Story: Conservation – a history

Scenic reserves (1st of 3)

Scenic reserves

Conservationist Harry Ell had a vision of a network of scenic reserves around the Port Hills, near Christchurch, to be connected by a road with regularly spaced resthouses.

This shelter, the Sign of the Kiwi, is at the junction of the Summit Road and the road to Governors Bay. Designed by Samuel Hurst Seagar in the arts-and-crafts style, it was built between 1914 and 1917. It was used as a tearoom until the 2010 and 2011 earthquakes, which caused considerable damage. Repairs are expected to be completed for a re-opening in 2015.

Using this item

Alexander Turnbull Library, F. G. Radcliffe Collection (PAColl-4950)
Reference: 1/2-006514; G
Photograph by Frederick George Radcliffe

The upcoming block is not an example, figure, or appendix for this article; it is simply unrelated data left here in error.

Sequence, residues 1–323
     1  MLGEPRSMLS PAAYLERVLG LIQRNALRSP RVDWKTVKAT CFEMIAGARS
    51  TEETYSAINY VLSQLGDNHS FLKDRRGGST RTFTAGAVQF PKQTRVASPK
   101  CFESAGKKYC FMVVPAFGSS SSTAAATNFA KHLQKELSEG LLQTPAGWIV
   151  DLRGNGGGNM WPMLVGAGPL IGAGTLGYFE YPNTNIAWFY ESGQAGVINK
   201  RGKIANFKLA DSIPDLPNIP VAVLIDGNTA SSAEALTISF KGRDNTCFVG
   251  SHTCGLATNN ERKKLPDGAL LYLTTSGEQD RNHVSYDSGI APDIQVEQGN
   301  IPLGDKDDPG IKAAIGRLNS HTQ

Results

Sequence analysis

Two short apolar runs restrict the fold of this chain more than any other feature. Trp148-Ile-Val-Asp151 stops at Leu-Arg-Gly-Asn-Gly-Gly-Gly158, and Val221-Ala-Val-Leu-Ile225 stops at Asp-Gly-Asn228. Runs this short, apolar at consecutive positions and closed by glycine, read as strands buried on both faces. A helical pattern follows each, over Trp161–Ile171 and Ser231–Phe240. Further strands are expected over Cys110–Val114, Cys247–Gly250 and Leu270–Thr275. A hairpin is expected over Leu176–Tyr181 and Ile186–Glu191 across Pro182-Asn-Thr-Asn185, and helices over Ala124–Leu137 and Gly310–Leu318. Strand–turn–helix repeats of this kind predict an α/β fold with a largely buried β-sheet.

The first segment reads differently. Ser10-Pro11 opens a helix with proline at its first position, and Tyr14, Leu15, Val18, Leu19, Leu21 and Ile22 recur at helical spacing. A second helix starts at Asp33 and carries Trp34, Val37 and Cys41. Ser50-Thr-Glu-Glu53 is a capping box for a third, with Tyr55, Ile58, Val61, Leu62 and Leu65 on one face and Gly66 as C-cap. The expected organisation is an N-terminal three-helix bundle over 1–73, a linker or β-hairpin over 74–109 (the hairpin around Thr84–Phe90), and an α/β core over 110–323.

Permission of the Alexander Turnbull Library, National Library of New Zealand, Te Puna Mātauranga o Aotearoa, must be obtained before any re-use of this image.

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How to cite this page:

Simon Nathan, 'Conservation – a history - Voices in the wilderness, 1769–1907', Te Ara - the Encyclopedia of New Zealand, http://www.TeAra.govt.nz/en/photograph/13906/scenic-reserves (accessed 26 May 2020)

Story by Simon Nathan, published 24 Sep 2007, updated 3 Aug 2015